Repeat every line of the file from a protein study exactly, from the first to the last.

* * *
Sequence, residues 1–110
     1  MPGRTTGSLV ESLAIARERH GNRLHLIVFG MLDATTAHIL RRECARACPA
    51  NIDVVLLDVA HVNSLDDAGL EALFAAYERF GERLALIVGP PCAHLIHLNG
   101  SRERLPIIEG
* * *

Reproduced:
Sequence, residues 1–110
     1  MPGRTTGSLV ESLAIARERH GNRLHLIVFG MLDATTAHIL RRECARACPA
    51  NIDVVLLDVA HVNSLDDAGL EALFAAYERF GERLALIVGP PCAHLIHLNG
   101  SRERLPIIEG